Tariffs are a No. 1 concern for Trey Walters.
by Pumps & Systems staff
January 1, 2019

Trey Walters, president and founder of Applied Flow Technology (AFT), spoke with Pumps & Systems on what will be on his mind this year.

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What are the challenges the industry is facing with IIoT? Are you finding that some end users are hesitant to adopt the type of technology you deal with?
We actually don’t touch on that with what we’re doing. We’re definitely not internet of things. A lot of our customers use our software to develop models of their systems, and they’re very nervous about those models going on to the internet. Emails, PowerPoints, fine—but the actual models, they really want to keep that much tighter behind their own firewall. But different companies are much more selective about that. We haven’t heard anything about wanting our software to run in the cloud. They like to be able to run our software locally behind a firewall. So that’s a little bit of a barrier into that thinking.

Are changes in the workforce affecting your company? What are you doing to try to mitigate issues related to the skills gap? What are you doing to attract millennials and younger workers to the field/your company?
We have good experience with hiring engineers. We’re a smaller company, 20 people. What we do—developing simulation software and analysis—people who are just graduating with engineering degrees or relatively recently graduated, part of what we do is appealing because they’re comfortable with the software tools. And also, with the types of things at the universities with the classes they’re taking and solving equations, it’s very similar to what we do. It’s ongoing, their class projects; we’re developing those tools and doing analysis. As long as we get a smart student who typically did well in school, that’s typically a good fit for us. We do get a lot of people who go to engineering schools who don’t envision working at software company. They think of working at a power plant or an oil rig or an agency that designs these things. We’re tool developers. So that does not map as well because people don’t view themselves doing what we do. So that is more our challenge. But when they do have a software bent and they like the tools and they’re good with analysis, they tend to be successful with us.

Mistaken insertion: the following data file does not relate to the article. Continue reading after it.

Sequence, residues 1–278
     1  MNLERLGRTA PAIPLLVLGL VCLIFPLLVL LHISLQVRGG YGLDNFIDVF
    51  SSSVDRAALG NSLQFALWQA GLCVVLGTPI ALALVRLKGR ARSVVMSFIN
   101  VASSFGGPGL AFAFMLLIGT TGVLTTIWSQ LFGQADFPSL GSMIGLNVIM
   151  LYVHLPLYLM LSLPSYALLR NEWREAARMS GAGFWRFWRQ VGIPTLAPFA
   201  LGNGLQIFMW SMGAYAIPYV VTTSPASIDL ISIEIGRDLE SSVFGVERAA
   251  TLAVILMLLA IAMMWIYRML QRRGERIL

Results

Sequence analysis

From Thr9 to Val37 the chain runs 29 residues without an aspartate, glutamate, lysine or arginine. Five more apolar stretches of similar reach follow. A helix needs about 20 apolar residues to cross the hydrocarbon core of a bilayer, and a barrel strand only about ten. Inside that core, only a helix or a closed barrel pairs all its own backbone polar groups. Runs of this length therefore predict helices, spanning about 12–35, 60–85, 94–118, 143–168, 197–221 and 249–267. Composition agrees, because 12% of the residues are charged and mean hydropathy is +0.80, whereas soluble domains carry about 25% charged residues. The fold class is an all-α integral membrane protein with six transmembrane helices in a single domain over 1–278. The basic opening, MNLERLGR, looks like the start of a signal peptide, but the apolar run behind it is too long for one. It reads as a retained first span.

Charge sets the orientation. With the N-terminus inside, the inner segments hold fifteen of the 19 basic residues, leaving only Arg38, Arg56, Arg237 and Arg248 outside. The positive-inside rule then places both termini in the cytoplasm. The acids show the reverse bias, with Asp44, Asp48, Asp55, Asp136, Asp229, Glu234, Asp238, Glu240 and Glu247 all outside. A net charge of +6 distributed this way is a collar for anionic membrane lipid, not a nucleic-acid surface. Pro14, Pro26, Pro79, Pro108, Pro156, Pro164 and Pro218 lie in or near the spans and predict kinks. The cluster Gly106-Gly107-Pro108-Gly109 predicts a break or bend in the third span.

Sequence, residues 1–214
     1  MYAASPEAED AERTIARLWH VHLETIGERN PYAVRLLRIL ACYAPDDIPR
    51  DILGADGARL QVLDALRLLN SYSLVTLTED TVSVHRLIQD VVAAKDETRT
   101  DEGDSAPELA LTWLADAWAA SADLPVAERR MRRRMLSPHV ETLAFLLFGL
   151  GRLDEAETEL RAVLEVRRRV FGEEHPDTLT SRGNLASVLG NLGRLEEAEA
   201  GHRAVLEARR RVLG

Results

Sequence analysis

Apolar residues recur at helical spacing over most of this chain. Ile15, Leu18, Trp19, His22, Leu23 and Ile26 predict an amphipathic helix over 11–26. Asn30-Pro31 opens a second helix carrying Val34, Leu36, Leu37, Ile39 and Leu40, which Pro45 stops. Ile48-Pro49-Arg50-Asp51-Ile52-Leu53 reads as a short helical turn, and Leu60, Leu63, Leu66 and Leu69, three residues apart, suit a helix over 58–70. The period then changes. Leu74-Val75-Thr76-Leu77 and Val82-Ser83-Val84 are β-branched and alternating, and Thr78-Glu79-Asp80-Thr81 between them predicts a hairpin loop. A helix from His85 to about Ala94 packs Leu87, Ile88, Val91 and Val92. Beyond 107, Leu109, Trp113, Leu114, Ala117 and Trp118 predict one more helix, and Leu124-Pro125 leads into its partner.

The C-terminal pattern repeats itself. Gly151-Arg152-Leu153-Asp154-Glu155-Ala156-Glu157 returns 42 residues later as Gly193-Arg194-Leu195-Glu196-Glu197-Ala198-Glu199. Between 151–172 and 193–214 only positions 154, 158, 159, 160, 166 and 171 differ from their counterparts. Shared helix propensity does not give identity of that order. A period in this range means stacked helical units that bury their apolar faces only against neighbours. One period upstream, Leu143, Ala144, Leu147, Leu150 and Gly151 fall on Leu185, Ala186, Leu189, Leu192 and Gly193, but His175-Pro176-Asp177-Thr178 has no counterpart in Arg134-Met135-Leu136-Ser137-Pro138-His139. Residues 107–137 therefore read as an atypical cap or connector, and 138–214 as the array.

What keeps you up at night?
At this point, we have a controversial president, to say the least, and I actually think in some ways that he’s doing some good things. I saw an article about the tariffs and China and there may be some good things. I am concerned about our relationships internationally. We have a network of 40 companies that work with us, we have sales and technical support around the world. There’s a significant portion of our sales that goes outside. Damaging that trade relationship with Asia and Europe and recently with Mexico and Canada. That worries me with our global economy. We have some forces that are making trade more complicated and painting America in bad light. International trade could be disrupted by the impediments and damaged relationships.

What are you most optimistic about in 2019?
For us it’s very inward looking because we’re coming out with some new things. We haven’t released an entirely new product since 2004. We’ve got a whole new thing coming out early next year. That’s got us excited. The economy has been good—kind of riding a wave. What’s going on in the oil sector, that impacts what do.

What else should the end users who read Pumps & Systems know about the year ahead?
Something that we’re trying to do, which is a bit of a workforce thing, this came from an [Hydraulic Institute] HI conference about a year ago. They had a speaker talking about millennials. We have millennials that work here—about a third of our company. They hate being grouped in to the uniform block. One thing that came out of that conference is trying to encourage the baby boomers and in between to think differently about the younger people and how they approach things. A lot of them have big student loans and things my generation didn’t have. I called together people from that generation [and said] I want to make sure we don’t have blind spots in our company and how we’re dealing with customers. I encouraged them to organize and talk about their point of view and report to me and management some of their suggestions on things. If we’re not seeing things, talk about it and come back. They have regular meetings and request things. One request has been to work from home. We’re reluctant to do that, probably because of our size. When a couple of people are out it can disrupt things. Our workflow is dynamic, may have to meet immediately on an issue, have to meet off the cuff and chew on a problem and resolve it today. Senior managers are over 50 and everyone felt it would mess up the rhythm of how they do things. Couldn’t be flexible on that but we're able to be flexible about other things. One thing they asked about was training. Can we get two hours a week to look for webinars and do some self-training? So, it led us to more formalize how training is done each year. If we can’t send them out to a class they could spend time each week to do training on their own a few hours a week. We realize we don’t know everything and we want them to tell us what they think. We hope that they already knew that they had a voice and we wanted to hear from them.